CDS Hedging: Exploring all the Options

    Blog | Jan 23, 2019 | Michael Hayes

    The credit-default-swap (CDS) market previously offered a cost-effective means to make short-term hedges or place bets on an individual issuer’s credit.

    Is the bond-equity hedge slipping away?

    Blog | Nov 1, 2018 | Michael Hayes, Thomas Verbraken

    In October, the 10-year U.S. Treasury yield hit a 7-year high in response to strong economic news, contributing to the second major equity sell-off this year.1 If positive moves in yield continue to drive down equities, this would mean an end to the hedge between stocks and bonds that has been in effect since around 2002. Investors may seek alternative means of diversification, with potentially deep ramifications for strategic asset allocation decisions and multi-asset class strategies.

    Best Practices for Predictive Stress Tests in RiskManager and BarraOne

    Research Report | Apr 17, 2013 | Michael Hayes, Audrey Costabile, Rachael Smith

    A predictive stress test based on historical data can be a valuable tool in contemplating large market shocks. When the degree of extrapolation becomes excessive, or the prediction is based on a tenuous historical correlation, the predictive stress test can lead to unintuitive results that do not conform to reasonable market and economic expectations. This Research Insight offers best practices for users of RiskManager and BarraOne who want to design stress tests with correlated factors;...

    Minimizing Shortfall

    Research Report | Jan 26, 2011 | Michael Hayes, Lisa Goldberg, Ola Mahmoud

    This paper describes an empirical study of shortfall optimization with Barra Extreme Risk. We compare minimum shortfall to minimum variance portfolios in the US, UK, and Japanese equity markets using Barra Style Factors (Value, Growth, Momentum, etc.). We show that minimizing shortfall generally improves performance over minimizing variance, especially during down-markets, over the period 1985-2010. The outperformance of shortfall is due to intuitive tilts towards protective factors like...

    Extreme Risk Analysis

    Research Report | Jul 27, 2010 | Michael Hayes, Lisa Goldberg, Jose Menchero, Indrajit Mitra

    Risk analysis involves gaining deeper insight into the sources of risk, and evaluating whether these risks accurately reflect the views of the portfolio manager. In this paper, we show how to extend standard volatility analytics to shortfall, a measure of extreme risk. Using two examples, we show how shortfall provides a more complete and intuitive picture of risk than value at risk. In two subsequent examples we illustrate the additional perspective offered by analyzing shortfall and...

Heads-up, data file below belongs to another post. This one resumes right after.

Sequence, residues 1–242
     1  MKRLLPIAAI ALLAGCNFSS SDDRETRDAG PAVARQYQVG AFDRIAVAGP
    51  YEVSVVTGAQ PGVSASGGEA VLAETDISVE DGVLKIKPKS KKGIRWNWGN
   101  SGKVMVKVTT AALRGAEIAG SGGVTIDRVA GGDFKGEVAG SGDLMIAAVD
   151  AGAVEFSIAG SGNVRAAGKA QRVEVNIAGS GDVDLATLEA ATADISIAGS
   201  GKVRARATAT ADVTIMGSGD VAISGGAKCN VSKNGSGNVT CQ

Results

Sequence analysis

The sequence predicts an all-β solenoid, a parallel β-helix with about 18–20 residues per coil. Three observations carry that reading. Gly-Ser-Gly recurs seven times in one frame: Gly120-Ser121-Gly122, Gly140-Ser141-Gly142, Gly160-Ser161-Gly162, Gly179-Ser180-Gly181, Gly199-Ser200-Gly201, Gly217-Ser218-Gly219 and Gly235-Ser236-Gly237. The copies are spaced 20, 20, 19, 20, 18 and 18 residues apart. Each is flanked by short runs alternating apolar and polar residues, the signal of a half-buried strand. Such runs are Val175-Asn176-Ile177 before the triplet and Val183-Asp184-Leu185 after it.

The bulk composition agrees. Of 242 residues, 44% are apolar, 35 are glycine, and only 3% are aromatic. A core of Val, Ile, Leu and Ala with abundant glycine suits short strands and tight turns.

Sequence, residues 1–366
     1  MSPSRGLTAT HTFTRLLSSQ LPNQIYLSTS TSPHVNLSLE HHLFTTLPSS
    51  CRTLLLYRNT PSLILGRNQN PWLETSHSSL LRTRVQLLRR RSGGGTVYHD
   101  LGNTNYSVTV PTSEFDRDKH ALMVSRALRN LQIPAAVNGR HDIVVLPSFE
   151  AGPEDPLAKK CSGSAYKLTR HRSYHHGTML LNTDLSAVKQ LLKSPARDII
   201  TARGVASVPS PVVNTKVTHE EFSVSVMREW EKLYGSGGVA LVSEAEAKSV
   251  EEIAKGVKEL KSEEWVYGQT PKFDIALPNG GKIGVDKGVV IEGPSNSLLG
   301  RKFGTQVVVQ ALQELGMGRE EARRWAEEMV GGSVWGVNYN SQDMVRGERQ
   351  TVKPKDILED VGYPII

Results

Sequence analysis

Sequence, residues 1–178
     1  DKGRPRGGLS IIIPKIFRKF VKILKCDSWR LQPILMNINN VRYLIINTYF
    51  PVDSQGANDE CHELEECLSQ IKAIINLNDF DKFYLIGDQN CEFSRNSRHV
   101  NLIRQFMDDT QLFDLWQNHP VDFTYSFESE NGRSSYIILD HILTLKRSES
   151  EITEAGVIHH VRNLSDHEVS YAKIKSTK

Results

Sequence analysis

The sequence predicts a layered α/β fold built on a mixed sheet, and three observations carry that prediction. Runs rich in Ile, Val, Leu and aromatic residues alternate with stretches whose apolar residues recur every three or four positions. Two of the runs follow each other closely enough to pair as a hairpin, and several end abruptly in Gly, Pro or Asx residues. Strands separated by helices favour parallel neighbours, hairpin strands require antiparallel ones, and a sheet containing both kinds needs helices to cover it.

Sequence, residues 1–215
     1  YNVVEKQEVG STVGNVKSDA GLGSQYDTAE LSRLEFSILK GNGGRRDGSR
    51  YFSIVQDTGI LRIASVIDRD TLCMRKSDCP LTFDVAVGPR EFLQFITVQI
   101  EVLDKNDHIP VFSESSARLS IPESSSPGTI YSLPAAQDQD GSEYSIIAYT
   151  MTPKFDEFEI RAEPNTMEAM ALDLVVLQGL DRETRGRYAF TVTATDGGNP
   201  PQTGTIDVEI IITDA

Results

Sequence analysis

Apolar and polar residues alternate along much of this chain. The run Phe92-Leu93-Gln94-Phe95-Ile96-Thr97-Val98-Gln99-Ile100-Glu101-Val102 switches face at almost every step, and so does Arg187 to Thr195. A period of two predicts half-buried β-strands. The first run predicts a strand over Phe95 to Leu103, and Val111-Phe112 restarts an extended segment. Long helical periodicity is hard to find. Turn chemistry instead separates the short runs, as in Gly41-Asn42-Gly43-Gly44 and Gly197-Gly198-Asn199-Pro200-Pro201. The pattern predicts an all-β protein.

How Well Can the Risk of Financial Extremes Be Forecast?

    Research Report | Apr 13, 2010 | Michael Hayes, Vladislav Dubikovsky, Lisa Goldberg, Ming Liu

    Extreme events are an important source of financial risk, but they present special challenges in quantitative forecasting.  In this paper we describe an empirical approach to forecasting extreme risk and evaluate its accuracy out-of-sample on a range of factor-based strategies and pair trades.  Our results show that for a large majority of strategies, our model is more consistent with market behavior than a conditional Normal model.

    The Long View of Financial Risk

    Research Report | Jan 4, 2010 | Michael Hayes, Lisa Goldberg

    An extended history of market returns reveals aspects of financial risk that are not evident over short timescales. The most enduring risk measure is variance, which quantifies short-term regularities in return dispersion. An alternative measure, shortfall, quantifies the risk of extreme market moves, and calls for a deep history to inform its forecasts. Both variance and shortfall are convex, meaning that they tend to promote diversification and can be used in optimization. By offering a...

    Extreme Risk Management

    Research Report | Feb 1, 2009 | Michael Hayes, Lisa Goldberg, Jose Menchero, Indrajit Mitra

    Quantitative risk management relies on a constellation of tools that are used to analyze portfolio risk. We develop the standard toolkit, which includes betas, risk budgets and correlations, in a general, coherent, mnemonic framework centered around marginal risk contributions. We apply these tools to generate side-by-side analyses of volatility and expected shortfall, which is a measure of average portfolio excess of value-at-risk. We focus on two examples whose importance is highlighted by...

    Evaluating Risk Forecasts with Central Limits

    Research Report | Mar 1, 2008 | Michael Hayes, Vladislav Dubikovsky

    We show that for a diverse collection of 74 US equity portfolios, risk forecasts based on an extreme value theory model greatly outperform a conditional normal model with a 23-day halflife.